In the above example:
- Buy 1 Call strike 95
- Sell 3 Calls strike 105
- Buy 2 Calls strike 110
The position is established for a net debit, and both the potential profit and maximum risk are limited.
Strike prices are equidistant, and all options have the same expiration month.
Risk is limited to the net debit paid: after the trade is paid for, no additional margin is required.
Bullish or bearish strategy
The strategy might be bullish or bearish depending where the price of the security is compared to the strike prices.
The lower the stock price is below strike price 95 when you initiate the strategy, the more bullish this strategy becomes. The benefit is that it will cost less to establish, which means your maximum potential loss will be lower. However, the stock will need to make a bigger move to hit the sweet spot.
If the stock price is above the strike price 110, then the strategy is bearish, and the higher the stock price the lower the overall cost to open the position; also in this case this means a higher potential profit and a lower loss, but also in this case you need the stock to move considerably.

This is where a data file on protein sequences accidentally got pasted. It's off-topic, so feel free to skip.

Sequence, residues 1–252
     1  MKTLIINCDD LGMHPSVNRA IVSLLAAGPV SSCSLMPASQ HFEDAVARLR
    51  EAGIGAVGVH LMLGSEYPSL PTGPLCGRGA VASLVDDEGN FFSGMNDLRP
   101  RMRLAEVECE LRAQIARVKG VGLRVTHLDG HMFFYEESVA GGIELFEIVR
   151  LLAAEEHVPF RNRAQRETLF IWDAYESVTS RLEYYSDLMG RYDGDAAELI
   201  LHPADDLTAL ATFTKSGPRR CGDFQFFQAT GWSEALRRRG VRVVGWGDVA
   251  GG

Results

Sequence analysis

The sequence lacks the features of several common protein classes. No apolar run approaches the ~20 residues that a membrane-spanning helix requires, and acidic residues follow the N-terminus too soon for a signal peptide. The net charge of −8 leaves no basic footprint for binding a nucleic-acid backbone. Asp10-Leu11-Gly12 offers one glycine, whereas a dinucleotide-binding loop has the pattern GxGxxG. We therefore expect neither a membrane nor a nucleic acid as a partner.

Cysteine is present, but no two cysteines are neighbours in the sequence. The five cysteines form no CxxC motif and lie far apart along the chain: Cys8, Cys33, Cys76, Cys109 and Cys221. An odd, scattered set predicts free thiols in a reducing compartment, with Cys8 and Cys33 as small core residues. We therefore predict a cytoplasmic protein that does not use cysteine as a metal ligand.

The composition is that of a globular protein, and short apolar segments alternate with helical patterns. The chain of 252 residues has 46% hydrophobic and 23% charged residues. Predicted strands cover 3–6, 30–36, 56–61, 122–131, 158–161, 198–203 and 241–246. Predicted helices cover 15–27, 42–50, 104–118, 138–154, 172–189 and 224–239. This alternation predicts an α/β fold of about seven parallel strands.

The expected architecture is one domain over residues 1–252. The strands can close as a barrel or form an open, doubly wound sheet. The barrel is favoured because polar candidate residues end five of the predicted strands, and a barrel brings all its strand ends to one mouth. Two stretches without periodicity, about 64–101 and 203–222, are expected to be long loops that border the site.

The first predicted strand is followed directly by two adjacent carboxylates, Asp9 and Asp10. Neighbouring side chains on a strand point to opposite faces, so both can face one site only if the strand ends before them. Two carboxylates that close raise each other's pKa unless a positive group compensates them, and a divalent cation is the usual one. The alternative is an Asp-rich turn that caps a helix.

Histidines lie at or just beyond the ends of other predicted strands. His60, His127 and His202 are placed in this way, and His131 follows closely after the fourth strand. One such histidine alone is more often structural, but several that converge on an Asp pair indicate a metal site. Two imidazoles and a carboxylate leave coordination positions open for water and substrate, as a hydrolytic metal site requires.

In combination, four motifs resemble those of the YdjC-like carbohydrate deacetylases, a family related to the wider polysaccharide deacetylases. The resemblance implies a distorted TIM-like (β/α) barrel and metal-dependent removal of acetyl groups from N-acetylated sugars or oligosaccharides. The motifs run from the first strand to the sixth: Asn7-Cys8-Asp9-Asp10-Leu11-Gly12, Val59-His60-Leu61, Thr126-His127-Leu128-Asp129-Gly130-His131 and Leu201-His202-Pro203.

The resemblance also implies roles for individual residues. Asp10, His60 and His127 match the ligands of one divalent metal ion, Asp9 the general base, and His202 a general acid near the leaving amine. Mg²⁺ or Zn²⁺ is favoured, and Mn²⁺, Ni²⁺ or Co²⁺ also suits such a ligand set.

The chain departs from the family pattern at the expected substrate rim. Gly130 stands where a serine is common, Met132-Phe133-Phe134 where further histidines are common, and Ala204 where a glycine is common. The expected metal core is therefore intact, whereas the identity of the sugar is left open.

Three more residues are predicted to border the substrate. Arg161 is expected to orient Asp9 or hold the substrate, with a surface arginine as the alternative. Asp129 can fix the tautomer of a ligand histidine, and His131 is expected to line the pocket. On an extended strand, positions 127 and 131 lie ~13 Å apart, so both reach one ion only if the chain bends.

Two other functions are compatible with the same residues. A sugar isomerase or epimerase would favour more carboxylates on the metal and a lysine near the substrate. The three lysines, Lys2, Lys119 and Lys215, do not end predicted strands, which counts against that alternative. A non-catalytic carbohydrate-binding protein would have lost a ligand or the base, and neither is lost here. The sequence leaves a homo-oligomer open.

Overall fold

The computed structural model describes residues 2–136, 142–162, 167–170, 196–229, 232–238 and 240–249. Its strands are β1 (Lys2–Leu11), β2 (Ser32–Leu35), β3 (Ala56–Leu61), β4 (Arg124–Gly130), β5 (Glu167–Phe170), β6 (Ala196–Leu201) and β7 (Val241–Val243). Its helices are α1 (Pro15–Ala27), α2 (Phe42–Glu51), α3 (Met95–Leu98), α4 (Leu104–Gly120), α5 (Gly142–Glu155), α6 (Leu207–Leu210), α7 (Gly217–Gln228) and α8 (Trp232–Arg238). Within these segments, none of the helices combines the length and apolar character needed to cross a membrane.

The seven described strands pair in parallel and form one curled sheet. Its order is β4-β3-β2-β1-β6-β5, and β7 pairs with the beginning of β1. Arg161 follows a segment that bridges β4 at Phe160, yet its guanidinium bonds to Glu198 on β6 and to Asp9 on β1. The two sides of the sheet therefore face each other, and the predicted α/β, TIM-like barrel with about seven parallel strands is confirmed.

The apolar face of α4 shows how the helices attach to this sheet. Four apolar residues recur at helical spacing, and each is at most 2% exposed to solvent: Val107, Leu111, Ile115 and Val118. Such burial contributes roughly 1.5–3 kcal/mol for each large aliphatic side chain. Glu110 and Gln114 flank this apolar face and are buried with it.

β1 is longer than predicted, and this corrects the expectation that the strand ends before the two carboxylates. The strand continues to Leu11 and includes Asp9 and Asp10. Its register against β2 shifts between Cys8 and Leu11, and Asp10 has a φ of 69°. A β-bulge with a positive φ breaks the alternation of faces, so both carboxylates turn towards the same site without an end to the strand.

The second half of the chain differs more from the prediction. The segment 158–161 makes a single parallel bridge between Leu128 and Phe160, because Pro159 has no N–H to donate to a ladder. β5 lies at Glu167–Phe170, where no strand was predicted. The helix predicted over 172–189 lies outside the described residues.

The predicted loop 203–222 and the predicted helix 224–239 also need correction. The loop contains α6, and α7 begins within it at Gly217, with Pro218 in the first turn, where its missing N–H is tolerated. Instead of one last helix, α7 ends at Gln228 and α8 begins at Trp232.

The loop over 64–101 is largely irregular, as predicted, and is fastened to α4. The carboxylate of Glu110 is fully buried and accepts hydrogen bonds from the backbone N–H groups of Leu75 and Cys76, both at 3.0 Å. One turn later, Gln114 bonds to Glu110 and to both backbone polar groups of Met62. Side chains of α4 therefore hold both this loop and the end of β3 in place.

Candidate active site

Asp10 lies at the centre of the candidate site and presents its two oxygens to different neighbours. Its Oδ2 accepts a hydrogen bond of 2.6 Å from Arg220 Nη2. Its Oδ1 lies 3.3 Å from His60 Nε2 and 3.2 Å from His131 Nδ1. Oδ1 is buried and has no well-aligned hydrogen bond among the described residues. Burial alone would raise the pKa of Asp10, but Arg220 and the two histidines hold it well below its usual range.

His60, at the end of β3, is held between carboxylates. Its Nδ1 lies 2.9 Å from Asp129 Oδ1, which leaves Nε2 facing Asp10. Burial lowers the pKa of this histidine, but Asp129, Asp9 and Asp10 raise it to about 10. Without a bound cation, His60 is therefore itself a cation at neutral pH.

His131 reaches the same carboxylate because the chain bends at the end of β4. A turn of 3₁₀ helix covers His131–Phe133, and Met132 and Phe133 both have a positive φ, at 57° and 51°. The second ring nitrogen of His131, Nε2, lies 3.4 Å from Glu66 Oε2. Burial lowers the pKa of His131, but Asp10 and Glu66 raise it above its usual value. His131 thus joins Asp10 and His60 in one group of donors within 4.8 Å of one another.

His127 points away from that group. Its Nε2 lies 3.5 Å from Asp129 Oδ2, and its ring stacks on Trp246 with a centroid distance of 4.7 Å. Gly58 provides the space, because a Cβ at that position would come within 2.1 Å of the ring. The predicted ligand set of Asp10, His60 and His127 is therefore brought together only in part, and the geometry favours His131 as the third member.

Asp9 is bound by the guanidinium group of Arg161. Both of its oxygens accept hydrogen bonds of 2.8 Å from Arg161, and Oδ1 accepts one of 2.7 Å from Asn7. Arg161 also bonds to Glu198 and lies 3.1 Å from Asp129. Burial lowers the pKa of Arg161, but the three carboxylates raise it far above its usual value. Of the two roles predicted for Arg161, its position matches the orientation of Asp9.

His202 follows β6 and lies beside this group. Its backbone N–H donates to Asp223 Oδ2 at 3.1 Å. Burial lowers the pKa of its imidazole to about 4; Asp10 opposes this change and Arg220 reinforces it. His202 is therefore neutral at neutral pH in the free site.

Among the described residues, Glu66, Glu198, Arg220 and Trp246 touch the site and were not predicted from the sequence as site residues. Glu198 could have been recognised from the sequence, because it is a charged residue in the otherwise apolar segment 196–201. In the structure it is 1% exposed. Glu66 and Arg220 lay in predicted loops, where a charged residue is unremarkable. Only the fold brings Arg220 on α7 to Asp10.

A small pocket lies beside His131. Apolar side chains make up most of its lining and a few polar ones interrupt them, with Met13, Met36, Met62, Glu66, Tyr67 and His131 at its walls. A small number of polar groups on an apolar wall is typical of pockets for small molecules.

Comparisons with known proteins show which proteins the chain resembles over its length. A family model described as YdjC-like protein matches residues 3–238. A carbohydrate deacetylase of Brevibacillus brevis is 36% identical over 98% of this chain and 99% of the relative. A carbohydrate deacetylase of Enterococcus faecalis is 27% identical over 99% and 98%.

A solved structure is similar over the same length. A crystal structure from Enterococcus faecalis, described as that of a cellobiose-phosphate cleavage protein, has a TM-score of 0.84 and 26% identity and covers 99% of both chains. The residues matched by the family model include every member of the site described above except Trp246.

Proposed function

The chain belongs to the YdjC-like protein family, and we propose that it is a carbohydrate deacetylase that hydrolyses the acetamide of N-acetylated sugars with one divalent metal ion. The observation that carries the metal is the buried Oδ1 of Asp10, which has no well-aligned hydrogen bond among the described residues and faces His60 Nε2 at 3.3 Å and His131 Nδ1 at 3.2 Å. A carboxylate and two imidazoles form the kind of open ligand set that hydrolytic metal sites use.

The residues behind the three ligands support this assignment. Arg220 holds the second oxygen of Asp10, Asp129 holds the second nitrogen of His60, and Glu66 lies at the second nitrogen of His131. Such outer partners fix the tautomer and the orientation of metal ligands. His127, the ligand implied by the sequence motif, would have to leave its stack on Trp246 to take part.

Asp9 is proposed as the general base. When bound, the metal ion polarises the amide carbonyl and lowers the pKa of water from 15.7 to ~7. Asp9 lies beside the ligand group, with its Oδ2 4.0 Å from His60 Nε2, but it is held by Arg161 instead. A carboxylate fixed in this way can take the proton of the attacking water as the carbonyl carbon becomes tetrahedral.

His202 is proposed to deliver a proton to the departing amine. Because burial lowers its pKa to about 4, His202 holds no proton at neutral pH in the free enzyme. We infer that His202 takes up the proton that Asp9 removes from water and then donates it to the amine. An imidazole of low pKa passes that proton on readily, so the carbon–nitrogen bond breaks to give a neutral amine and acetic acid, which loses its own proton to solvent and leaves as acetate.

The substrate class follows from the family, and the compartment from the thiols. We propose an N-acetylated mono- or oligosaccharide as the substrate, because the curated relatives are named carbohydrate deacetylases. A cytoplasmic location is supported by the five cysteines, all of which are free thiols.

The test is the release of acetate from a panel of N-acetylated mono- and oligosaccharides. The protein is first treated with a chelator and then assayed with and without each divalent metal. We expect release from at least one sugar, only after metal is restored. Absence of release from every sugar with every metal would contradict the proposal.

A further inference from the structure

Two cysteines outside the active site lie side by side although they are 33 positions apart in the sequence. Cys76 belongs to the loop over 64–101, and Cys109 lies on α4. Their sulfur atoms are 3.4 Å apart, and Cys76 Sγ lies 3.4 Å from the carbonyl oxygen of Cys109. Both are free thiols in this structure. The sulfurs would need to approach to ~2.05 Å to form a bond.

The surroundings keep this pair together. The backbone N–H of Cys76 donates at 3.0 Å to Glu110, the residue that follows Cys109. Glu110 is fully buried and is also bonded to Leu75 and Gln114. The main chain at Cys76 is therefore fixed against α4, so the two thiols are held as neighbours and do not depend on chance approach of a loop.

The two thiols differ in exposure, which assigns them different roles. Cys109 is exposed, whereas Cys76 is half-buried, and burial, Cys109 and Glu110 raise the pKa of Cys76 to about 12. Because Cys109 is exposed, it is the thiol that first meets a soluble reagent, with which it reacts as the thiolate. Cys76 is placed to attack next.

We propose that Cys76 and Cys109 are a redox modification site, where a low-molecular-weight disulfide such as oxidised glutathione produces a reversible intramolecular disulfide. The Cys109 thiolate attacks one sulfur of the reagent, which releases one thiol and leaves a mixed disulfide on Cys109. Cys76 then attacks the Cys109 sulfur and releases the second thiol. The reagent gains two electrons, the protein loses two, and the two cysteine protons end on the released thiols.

Like the Christmas Tree with Puts, also the Christmas Tree with Calls may be an affordable alternative to long calls or puts when calls or puts are prohibitively expensive because of high implied volatility.
Ater the strategy is established, the effect of implied volatility depends on where the stock is relative to your strike prices.
If the stock is at or near strike 105, you want volatility to decrease, which will cause the options that you sold to decrease in value, thereby increasing the overall value of the butterfly. In addition, you want the stock price to remain stable around strike 105, and a decrease in implied volatility suggests that may be the case.
If the stock price is approaching or outside strike 95 or 110, in general you want volatility to increase, which will increase the value of the options you own, while having less effect on the short options at strike 105.